Grasslands National Park - Exploring the East Block
Canadian poet Lorna Crozier described Grasslands National Park as a “sanctuary of silence, one of the last on the planet. Under the wind, under our heartbeats, we hear the earth breathing.”
Spanning more than 900 sq. km, the park is split into two blocks, each with a distinct personality. The East Block bares a gritty, rugged character with infinite stories of prehistoric life on the planet. Its Rock Creek Badlands yield a treasure trove of fossils and adventures.
Here are some activities offered in the East Block this season.
Several trails provide choices for exploring the East Block on foot or horseback (equestrian camping is available).
The 2-km Rock Creek Trail is an easy hike that leads to a panoramic view of the surrounding grasslands. Early morning hikes along the 750-m Creek to Peak Trail offer a spectacular view of the badlands bathed in the colours of dawn. Advanced, well-prepared hikers opt for the 6-km one-way Valley of 1,000 Devils route or 8-km one-way Red Butte Route.
NEW – The self-guided Badlands Parkway driving tour is an 11-km paved route. Six viewpoints along the way feature some of the most breathtaking vistas in Saskatchewan.
A popular Saturday morning activity, Footprints in Time is a three-hour guided tour that takes hikers along coulees and past mysterious hoodoos. It’s an opportunity to retrace the steps of Indigenous peoples and local homesteaders and ranchers. Fees apply.
A designated Dark Sky Preserve, Grasslands National Park has the perfect conditions for viewing the night sky. Join Royal Astronomical Society astronomers for an entertaining evening of stargazing and more.
Sunday mornings in the park start with a cup of traditional, campfire-brewed coffee and some lively storytelling. Park interpreters share tales from ranching days and evoke colourful characters, vivid scenes and the spirit of life on the Western frontier.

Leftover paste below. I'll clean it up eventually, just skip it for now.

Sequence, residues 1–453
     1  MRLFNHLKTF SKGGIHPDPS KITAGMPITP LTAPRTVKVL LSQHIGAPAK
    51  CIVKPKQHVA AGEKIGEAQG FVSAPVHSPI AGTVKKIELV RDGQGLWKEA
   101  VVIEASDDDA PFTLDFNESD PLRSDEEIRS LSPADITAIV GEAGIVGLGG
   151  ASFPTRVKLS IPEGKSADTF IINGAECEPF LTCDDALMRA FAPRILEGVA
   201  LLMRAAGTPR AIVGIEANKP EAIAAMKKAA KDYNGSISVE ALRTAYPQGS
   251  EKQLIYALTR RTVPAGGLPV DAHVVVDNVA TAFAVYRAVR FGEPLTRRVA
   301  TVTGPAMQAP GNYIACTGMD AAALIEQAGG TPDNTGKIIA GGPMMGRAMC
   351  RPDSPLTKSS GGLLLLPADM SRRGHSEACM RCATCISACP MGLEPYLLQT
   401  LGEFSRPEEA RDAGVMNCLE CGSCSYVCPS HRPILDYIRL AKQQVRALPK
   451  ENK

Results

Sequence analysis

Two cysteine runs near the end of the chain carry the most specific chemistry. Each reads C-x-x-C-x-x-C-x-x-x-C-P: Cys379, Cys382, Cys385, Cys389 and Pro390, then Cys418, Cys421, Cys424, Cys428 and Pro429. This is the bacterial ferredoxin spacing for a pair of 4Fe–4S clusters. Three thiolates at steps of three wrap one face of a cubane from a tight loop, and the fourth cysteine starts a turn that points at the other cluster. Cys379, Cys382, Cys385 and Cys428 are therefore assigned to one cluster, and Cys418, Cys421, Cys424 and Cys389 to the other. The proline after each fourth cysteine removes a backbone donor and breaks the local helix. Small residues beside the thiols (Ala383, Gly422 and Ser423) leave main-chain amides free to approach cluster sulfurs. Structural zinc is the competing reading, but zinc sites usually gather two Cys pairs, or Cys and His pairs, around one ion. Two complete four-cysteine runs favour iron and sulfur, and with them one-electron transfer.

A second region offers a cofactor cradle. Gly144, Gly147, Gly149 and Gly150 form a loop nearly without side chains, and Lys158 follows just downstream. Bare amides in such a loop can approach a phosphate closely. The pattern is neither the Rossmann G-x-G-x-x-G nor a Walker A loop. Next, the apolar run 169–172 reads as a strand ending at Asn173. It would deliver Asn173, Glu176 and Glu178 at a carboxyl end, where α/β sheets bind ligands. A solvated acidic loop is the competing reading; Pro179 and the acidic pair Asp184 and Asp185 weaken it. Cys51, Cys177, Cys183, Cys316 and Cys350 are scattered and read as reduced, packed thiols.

Imagine the view from above through the eyes of a soaring eagle. The 4-km ekta wambi/Eagle View Tour is offered on Monday mornings. Hikers will see the park from a different perspective and gain appreciation of area history, grasslands vegetation and changes to the landscape over time. Fees apply.
A 7-km Wednesday morning hike to stimulate the mind and body, Eco Equation tours examine the delicate balancing act of the mixed grass prairie landscape. Along the route, visitors see how the landscape has evolved and learn about the impacts of the elements – earth, air, fire and water.
A popular offering on Wednesday and Friday evenings, Fireside Chats bring park visitors together to enjoy good company, campfire snacks and stories and songs inspired by the surroundings.
Lakota Legends is a Friday afternoon storytelling session with Lakota First Nations artist Kim Soo Goodtrack, who retells legends and illustrates them as she speaks. Afterward, participants create their own artworks inspired by Lakota design.
A Saturday evening feature, Junior Naturalists tours examine the several themes, including endangered species and spaces, geological and palaeontological history and more.
Participants venture out on a short hike, discovering wildlife, wildflowers, fossils and tipi rings along the way. The program is recommended for children between the ages of 5-12 years. Fees apply. Pre-registration is required.
Explore the area with Royal Saskatchewan Museum palaeontologists and learn the ins and outs of fossil hunting. After a day of discovery, enjoy Fossil Talks in the evening. Pre-registration is required.
A day of fun for the whole family, Badlands Blast features children’s activities, wagon rides and adventures with expert fossil hunters. Dine and dance the evening away at the Rock Creek Hoedown. Fees apply.